Cars will be banned in Auckland central next year in trials aiming to make the city more pedestrian-friendly.
Today the Auckland Council voted unanimously in favour of the trials, which Mayor Phil Goff said would be based on a plan presented to the council in March.
Mr Goff told councillors on Tuesday that the number of people who work in the central city means pedestrian numbers are growing and going car-free was "a lovely vision and an absolute necessity".
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The strategy came from the council's own Auckland Design Office (ADO), but many councillors were concerned it lacked a timeframe.
Ludo Campbell-Reid, manager of the ADO, said the strategy was complicated and a schedule had not yet been drawn up.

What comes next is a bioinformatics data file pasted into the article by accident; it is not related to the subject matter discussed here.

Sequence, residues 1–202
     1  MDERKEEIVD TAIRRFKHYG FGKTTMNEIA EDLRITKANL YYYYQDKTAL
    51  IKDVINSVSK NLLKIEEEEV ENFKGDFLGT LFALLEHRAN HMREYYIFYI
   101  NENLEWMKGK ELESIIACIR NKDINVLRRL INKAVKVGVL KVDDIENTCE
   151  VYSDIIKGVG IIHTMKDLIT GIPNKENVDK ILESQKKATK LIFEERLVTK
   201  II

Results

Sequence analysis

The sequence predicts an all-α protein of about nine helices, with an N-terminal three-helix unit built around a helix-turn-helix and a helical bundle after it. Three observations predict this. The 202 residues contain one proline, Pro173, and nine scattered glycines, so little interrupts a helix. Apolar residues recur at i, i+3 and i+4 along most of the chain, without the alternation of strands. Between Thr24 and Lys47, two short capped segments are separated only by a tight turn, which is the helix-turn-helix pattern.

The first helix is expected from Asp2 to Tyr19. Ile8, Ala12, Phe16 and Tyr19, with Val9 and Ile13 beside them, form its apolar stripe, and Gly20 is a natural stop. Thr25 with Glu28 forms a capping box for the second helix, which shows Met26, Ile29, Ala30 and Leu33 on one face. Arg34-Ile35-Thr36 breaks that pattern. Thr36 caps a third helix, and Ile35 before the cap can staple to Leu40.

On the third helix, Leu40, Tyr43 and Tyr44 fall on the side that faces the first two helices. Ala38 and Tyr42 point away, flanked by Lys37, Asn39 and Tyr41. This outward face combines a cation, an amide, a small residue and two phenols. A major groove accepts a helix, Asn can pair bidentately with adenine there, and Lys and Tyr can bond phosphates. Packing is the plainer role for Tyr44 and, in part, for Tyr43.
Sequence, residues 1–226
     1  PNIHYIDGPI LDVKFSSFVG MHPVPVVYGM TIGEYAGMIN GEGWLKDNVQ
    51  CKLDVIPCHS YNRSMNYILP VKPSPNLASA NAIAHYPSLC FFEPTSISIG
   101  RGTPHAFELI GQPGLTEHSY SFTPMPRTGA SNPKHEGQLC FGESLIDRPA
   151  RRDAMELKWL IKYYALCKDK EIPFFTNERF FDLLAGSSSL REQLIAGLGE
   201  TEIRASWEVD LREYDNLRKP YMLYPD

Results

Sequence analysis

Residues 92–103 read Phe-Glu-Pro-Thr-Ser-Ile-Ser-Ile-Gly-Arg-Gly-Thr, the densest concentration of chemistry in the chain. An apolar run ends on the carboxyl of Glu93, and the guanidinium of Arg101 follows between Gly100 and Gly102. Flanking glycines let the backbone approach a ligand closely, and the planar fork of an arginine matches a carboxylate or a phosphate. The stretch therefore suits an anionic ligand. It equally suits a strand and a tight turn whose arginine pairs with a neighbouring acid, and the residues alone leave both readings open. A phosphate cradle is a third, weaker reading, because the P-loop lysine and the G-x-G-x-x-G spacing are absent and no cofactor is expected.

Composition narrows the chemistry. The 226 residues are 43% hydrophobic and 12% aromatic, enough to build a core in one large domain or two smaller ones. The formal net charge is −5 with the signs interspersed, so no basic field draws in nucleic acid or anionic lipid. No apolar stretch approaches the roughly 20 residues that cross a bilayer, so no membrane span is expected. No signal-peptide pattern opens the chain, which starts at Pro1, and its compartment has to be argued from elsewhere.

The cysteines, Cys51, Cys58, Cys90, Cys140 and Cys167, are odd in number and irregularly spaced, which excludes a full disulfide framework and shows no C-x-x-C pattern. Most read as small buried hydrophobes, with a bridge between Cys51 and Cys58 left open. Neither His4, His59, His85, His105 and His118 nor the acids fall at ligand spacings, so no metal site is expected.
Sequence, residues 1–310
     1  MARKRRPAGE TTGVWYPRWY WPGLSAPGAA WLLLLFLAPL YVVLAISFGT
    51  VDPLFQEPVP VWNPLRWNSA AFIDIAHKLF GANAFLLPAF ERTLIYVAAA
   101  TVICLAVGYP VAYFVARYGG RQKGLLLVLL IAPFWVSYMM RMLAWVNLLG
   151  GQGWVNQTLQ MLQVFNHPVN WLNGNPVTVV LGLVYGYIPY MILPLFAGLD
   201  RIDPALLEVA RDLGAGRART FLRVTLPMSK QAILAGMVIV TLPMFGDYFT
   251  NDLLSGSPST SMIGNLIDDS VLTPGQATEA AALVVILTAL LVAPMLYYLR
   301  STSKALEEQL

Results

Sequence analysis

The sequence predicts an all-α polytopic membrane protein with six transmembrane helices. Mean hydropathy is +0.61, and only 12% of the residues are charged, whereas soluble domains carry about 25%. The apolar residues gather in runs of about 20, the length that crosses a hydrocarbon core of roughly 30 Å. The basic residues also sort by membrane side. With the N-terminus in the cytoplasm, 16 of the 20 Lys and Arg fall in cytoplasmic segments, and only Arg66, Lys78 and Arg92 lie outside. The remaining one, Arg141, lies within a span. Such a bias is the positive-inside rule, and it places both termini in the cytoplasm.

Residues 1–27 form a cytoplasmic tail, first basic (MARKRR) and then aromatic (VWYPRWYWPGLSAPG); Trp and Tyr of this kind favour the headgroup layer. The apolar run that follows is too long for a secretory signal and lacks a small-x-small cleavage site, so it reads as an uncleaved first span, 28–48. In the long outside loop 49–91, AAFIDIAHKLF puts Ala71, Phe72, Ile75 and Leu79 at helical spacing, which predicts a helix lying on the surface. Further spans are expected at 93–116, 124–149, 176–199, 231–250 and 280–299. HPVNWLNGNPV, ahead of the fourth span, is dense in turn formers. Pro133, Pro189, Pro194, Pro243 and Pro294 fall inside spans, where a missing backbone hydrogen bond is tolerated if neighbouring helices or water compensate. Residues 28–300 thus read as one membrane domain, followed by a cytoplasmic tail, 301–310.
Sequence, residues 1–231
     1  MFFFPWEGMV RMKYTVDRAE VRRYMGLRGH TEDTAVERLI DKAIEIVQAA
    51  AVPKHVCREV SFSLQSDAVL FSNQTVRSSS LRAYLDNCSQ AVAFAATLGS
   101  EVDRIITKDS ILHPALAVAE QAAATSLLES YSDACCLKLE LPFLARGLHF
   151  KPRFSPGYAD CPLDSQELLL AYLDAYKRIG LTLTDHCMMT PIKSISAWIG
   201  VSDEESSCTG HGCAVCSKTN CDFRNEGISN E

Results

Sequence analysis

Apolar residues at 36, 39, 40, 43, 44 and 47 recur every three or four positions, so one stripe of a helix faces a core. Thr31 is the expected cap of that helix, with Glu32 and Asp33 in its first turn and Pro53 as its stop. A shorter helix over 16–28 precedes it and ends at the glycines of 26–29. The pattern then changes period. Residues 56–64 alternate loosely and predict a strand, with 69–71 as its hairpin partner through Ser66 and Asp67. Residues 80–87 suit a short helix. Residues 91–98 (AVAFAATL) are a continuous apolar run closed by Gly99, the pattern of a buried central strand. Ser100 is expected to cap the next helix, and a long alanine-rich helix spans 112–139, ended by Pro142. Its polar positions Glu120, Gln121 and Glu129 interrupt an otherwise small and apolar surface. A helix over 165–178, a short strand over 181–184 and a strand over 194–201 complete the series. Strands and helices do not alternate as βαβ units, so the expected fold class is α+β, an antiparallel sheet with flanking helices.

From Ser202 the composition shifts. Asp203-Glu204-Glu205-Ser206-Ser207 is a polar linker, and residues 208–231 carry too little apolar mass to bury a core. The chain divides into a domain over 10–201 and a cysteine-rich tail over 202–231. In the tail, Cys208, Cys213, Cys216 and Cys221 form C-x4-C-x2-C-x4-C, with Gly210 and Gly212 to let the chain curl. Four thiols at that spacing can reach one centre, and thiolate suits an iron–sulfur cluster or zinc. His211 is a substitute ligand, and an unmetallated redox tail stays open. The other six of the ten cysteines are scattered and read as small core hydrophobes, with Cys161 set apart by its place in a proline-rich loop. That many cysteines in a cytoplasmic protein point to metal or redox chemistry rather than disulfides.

Councillor Chris Darby proposed that a schedule for the trials be presented to council in March, and suggested the trials also be carried out across the city in centres such as Otahuhu and Albany.
Mr Campbell-Reid reiterated that the strategy was not a war on cars, but "about giving people real choices".
Transport-focused blog Greater Auckland has campaigned for car-free CBD streets in order to reduce emissions, improve the health of residents, and provide more space for pedestrians, cyclists and transit.
In 2017, they said that while some vehicles would always be necessary in the city, steps could be taken to make central city streets more pedestrian and bike friendly.
Mr Goff said the trials were necessary for the growing number of pedestrians in Auckland.
"There is nothing more powerful than a vision with necessity driving it."